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Teacher Effectiveness Methodology Text ADE Educator Evaluation SummitThursday, September 13, 2012
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The impact of an effective single is the teacher most important factor in student learningThursday, September 13, 2012
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60% Nearly of the impact on student achievement is attributable to principal teacher and effectiveness * New Leaders for New Schools (2009)Thursday, September 13, 2012
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YET principal and teacher evaluation scores vary minimally failing to distinguish from great to good, good to fair, or fair to poorThursday, September 13, 2012
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If 98% of teachers have the same rating, how can districts use evaluation data for decision making?Thursday, September 13, 2012
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dual MCESA tools serve purposes (human resources • professional development) for principal teacher and evaluationsThursday, September 13, 2012
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New AZ laws require changes• The State Board of Education shall...”on or before December 15, 2011 adopt and maintain a model framework for a teacher and principal evaluation instrument that includes quantitative for schools and data on student academic progress that accounts for between thirty-three percent and fifty per cent of the evaluation districts outcomes and best practices for professional development and evaluator training. School districts and charter schools shall use an instrument that meets the data requirements established Arizona Revised Statutes by the State Board of Education to annually evaluate individual teachers and principals beginning in school year 2012 – 2013.” Thursday, September 13, 2012
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By next year, evaluations must include multiple measuresThursday, September 13, 2012
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Example Learning Observation Rating Scale... Score Description Teacher meets rubric criteria for level 1 on average (based on 5 1 observations) Teacher meets rubric criteria for level 2 on average (based on 5 2 observations) Teacher meets rubric criteria for level 3 on average (based on 5 3 observations) Teacher meets rubric criteria for level 3 and 4 on average (based on 4 5 observations) Teacher meets rubric criteria for level 3, 4, and 5 on average (based 5 on 5 observations)Thursday, September 13, 2012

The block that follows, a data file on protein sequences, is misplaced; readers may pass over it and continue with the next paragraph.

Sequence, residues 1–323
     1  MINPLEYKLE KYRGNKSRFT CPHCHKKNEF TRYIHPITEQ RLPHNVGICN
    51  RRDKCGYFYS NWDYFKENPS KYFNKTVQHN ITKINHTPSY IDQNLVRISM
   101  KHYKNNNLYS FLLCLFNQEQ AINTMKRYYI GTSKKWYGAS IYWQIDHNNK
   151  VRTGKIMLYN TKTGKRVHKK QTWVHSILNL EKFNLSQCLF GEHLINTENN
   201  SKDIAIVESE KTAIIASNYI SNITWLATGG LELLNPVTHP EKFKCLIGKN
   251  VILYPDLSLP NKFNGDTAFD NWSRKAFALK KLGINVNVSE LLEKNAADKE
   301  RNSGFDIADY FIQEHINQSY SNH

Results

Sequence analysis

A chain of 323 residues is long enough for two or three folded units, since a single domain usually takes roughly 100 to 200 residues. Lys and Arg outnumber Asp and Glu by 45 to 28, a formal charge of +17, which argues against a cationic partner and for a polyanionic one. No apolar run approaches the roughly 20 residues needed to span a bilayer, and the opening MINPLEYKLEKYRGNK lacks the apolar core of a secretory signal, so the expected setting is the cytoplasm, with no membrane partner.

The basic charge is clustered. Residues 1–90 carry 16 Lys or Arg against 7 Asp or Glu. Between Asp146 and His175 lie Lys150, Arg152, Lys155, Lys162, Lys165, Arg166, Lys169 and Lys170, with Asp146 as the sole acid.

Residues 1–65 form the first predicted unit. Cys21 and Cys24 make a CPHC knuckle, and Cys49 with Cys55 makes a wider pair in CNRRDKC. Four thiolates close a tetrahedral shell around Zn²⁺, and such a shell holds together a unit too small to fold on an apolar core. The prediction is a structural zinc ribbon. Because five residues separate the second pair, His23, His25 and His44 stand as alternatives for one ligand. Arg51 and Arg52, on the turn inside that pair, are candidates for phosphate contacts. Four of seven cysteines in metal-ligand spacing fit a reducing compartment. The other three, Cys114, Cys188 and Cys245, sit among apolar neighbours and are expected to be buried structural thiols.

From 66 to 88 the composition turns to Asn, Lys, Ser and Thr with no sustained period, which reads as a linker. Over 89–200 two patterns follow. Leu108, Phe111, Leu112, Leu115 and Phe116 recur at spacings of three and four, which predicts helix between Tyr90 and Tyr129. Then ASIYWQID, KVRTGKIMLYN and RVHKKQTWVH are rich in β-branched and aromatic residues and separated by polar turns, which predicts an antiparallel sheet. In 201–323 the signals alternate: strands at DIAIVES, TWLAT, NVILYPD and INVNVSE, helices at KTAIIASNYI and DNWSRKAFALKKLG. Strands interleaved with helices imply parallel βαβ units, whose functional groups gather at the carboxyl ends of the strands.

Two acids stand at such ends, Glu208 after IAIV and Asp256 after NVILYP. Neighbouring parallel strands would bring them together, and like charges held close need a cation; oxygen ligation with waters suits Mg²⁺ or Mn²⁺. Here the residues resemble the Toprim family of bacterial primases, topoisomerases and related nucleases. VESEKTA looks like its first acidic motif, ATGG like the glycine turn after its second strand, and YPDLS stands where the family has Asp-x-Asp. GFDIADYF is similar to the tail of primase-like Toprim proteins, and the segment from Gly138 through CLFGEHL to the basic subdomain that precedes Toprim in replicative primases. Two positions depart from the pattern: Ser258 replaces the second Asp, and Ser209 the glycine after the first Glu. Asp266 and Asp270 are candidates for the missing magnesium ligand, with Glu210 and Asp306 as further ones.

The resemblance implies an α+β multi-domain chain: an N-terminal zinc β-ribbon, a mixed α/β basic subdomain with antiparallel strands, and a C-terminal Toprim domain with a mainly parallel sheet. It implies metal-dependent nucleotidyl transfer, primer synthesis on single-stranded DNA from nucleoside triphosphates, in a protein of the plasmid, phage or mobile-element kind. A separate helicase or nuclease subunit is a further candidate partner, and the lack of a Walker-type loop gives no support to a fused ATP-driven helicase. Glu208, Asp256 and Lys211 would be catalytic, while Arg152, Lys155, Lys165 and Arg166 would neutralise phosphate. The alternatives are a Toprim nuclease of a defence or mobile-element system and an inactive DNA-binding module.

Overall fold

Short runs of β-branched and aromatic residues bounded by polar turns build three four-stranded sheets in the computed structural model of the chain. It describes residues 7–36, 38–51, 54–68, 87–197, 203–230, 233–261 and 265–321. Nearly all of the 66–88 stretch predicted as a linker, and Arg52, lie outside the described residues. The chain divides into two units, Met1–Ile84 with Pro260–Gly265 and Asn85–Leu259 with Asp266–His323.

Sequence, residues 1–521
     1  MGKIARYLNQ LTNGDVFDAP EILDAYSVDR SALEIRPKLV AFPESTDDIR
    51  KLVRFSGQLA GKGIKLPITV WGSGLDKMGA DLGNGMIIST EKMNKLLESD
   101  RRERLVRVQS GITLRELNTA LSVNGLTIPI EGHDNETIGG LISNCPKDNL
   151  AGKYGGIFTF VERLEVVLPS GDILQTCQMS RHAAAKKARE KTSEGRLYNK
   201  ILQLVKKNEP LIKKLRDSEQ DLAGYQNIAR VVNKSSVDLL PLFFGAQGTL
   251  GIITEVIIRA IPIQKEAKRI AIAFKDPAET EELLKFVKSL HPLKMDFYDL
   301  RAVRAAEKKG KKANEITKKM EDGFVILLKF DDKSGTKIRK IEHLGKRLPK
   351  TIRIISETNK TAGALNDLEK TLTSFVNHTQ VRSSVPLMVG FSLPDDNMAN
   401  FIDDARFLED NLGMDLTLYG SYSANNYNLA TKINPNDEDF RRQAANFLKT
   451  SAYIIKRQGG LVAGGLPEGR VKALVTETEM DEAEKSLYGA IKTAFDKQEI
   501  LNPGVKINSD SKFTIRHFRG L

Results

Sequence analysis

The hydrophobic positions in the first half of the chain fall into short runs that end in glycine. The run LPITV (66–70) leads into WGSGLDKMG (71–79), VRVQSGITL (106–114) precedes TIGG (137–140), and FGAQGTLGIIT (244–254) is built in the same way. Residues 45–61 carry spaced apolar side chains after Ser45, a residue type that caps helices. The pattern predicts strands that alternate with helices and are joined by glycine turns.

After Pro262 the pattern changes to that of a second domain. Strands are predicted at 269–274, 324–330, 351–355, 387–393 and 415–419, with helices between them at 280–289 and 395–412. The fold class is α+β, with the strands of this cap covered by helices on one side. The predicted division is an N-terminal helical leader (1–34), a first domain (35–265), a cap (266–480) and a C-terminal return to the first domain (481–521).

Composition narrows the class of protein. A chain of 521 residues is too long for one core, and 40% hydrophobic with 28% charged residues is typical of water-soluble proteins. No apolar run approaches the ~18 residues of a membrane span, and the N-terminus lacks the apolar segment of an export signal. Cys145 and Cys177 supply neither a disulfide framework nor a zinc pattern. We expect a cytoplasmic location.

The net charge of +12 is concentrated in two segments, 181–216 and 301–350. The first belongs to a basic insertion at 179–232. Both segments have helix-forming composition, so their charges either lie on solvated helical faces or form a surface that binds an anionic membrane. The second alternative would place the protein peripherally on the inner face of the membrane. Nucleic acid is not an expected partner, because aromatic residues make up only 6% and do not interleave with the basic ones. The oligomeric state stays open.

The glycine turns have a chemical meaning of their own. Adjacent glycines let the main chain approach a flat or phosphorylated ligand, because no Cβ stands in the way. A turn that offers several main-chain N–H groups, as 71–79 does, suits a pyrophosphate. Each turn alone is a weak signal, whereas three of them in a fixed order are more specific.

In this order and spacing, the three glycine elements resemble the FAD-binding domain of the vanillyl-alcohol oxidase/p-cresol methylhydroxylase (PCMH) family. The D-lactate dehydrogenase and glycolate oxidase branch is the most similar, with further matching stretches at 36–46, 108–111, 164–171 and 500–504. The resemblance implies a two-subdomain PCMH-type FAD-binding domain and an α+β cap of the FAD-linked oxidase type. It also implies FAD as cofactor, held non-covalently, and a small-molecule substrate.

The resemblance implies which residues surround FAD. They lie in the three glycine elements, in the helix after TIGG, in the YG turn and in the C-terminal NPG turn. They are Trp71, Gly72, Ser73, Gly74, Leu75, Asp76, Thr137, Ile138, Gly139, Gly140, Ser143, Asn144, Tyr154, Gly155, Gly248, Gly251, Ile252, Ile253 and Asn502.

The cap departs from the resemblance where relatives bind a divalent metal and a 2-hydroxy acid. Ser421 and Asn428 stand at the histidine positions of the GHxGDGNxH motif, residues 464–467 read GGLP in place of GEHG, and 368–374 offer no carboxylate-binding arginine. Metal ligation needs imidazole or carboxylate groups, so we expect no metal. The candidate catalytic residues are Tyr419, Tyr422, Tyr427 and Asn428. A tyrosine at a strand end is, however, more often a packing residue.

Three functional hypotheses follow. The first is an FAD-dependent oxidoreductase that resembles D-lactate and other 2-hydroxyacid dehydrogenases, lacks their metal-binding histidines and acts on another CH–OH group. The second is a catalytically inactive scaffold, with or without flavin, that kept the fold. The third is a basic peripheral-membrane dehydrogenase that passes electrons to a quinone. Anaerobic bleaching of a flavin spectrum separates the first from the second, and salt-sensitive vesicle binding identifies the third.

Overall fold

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Example Learning Observation Rating Scale... 50% of Score Score Description Teacher meets rubric criteria for level 1 on average (based on 5 1 observations) Teacher meets rubric criteria for level 2 on average (based on 5 2 observations) Teacher meets rubric criteria for level 3 on average (based on 5 3 observations) Teacher meets rubric criteria for level 3 and 4 on average (based on 4 5 observations) Teacher meets rubric criteria for level 3, 4, and 5 on average (based 5 on 5 observations)Thursday, September 13, 2012
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Example Growth Scale 50% of Score Score Growth Designation Example: AIMs Value-Added Model Results On average, students’ AIMS scores are far below expected scores based on prior achievement, student & Well Below 1 classroom characteristics (95% statistical confidence that average growth is below the 20th percentile Expectations statewide). On average, students’ AIMS scores are below expected scores based on prior achievement, student & 2 Below Expectations classroom characteristics (95% statistical confidence that average growth is below the statewide average). Expected Growth On average, students’ AIMS scores are not statistically different from expected scores based on prior 3 (Average/Typical) achievement, student & classroom characteristics. On average, students’ AIMS scores are above expected scores based on prior achievement, student & 4 Above Expectations classroom characteristics (95% statistical confidence that average growth is above the statewide average). On average, students’ AIMS scores are above expected scores based on prior achievement, student & Well Above 5 classroom characteristics (95% statistical confidence that average growth is above the 80th percentile Expectations statewide).Thursday, September 13, 2012
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